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'He tried three times': State Fair of Texas' first Black food vendor's journey to breaking barriers

Huey Nash Jr. discusses his late father's dream to become the first Black food vendor at the State Fair of Texas.

"The man, the myth, the legend."

That's how Huey Nash Jr. describes his late father.

"It’s encoded in my mind seeing my dad get up and work hard every day," Nash added. "Have a focus, have a goal, and knock them out the way.”

Those values are what Nash remembers most about the man he shares a name with.

"I saw my father being consistently persistent, pushing forward," he said.

His dad was on a journey some 56 years ago to become the first Black food vendor at the State Fair of Texas.

"He stuck with it. I want to say this also, my father tried three times."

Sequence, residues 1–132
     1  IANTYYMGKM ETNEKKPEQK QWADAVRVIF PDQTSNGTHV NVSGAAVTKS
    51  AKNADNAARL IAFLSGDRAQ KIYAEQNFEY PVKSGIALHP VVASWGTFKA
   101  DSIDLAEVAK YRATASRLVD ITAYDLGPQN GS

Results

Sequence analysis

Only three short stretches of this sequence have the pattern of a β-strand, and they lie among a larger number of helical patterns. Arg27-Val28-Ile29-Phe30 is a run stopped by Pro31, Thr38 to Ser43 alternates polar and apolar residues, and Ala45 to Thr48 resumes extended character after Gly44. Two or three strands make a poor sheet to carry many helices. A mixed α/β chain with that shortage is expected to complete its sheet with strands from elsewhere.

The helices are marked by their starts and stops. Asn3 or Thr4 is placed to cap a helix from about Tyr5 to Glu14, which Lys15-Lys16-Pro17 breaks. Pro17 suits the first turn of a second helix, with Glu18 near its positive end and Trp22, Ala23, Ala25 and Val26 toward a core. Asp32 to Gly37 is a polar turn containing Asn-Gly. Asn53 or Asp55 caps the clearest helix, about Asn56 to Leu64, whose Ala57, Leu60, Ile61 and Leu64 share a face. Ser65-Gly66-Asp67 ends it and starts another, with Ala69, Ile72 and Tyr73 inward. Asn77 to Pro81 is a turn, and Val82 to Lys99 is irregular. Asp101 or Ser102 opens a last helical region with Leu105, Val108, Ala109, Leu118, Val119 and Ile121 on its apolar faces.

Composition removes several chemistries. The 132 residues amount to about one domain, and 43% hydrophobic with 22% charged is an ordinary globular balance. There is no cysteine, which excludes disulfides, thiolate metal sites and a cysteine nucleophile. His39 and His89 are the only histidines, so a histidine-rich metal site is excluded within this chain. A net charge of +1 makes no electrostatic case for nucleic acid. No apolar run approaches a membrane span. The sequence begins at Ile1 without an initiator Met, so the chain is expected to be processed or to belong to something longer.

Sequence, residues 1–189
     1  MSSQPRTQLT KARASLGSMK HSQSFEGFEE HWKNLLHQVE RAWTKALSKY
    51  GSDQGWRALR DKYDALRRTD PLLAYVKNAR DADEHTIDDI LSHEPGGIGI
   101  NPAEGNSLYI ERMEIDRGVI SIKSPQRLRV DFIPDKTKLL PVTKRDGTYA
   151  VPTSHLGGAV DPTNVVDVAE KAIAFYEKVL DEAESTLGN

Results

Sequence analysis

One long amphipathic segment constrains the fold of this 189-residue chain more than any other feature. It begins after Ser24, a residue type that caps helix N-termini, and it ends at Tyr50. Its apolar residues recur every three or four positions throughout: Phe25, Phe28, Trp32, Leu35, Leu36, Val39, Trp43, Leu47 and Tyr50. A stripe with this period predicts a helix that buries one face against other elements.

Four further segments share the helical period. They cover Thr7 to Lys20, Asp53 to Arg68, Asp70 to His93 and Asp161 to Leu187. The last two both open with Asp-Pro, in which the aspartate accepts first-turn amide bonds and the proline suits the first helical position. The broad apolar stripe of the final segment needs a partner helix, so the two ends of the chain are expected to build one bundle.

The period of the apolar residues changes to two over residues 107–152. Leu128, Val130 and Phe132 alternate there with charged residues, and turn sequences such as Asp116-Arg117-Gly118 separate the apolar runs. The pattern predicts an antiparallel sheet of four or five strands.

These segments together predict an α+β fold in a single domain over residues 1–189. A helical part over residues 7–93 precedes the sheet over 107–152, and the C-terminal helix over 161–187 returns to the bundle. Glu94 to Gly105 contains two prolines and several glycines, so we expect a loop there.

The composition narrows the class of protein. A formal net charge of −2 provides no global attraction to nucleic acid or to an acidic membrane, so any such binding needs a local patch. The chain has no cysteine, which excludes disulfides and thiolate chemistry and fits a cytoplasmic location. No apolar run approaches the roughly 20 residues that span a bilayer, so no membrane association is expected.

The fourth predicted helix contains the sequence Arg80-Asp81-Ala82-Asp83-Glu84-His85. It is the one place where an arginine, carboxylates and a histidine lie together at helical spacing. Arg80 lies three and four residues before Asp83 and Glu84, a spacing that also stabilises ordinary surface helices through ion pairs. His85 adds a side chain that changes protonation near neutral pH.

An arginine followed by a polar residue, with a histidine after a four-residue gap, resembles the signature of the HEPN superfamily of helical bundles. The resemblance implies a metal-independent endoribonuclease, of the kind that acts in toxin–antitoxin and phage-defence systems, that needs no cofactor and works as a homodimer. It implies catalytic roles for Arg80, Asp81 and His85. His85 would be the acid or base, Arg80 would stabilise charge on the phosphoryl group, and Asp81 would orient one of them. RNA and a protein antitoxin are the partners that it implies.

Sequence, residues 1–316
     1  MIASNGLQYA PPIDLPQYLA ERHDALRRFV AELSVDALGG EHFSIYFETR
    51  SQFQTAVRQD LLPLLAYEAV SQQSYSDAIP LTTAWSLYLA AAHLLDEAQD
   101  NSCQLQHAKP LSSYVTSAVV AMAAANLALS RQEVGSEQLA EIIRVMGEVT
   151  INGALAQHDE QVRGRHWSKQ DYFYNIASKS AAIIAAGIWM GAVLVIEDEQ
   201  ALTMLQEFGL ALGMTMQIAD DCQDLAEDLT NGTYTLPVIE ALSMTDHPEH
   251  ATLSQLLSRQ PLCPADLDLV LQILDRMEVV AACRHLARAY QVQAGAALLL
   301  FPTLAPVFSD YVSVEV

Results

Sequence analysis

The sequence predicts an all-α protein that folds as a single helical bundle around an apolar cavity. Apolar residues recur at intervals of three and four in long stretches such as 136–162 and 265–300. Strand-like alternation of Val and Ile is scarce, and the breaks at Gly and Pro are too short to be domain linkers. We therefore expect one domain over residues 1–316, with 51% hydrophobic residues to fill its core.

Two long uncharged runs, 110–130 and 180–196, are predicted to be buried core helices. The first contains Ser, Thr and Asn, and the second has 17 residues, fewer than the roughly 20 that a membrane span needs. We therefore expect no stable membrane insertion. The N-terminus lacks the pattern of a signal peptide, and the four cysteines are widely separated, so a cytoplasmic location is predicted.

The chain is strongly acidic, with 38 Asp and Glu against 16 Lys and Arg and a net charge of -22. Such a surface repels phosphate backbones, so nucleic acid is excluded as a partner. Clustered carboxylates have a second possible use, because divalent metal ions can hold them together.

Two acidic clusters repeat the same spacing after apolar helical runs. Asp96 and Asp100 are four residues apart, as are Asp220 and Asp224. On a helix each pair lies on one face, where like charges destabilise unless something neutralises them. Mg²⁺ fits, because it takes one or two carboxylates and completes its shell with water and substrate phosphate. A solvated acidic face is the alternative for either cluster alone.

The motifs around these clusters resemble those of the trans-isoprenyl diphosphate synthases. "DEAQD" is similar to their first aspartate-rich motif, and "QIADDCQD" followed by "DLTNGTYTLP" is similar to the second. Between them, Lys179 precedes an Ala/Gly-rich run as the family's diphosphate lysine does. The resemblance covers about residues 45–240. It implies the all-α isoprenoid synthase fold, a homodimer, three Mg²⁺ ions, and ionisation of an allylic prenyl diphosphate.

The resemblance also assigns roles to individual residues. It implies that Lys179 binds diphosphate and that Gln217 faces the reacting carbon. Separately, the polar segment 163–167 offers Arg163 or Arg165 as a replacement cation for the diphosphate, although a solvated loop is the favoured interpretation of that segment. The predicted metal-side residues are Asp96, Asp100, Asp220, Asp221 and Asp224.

That persistence Nash mentioned would pay off, captured here in this archived news story from the WFAA team back in 1974.

In 1964, more than 78 years after the first State Fair of Texas was held, Huey Nash Sr. made history.

"We get a nice stick of beef bologna, put it on a pit, and smoke it with a nice hickory wood," Nash said discussing one of his family staples at the restaurant. "Put it between two slices of bread, marinating sauce and it’s simple.”

That sandwich was a hit at Little Bob's Bar B-Q and community members continued to enjoy it for more than 40 years at the family's restaurant.

"So my thing is he kept hold of his vision, he was was not deterred," Nash Jr. mentioned of his late father's dream to become a food vendor. "He made the sacrifice, he got up and he got it done.”

While the family's restaurant closed in 2013, they are looking into franchising "Little Bob's Bar B-Q."

The State Fair of Texas has also been working to get more minority food vendors involved. One of the ways they are doing so is through its State Fair of Texas Cohort Program. You can find more information and resources below.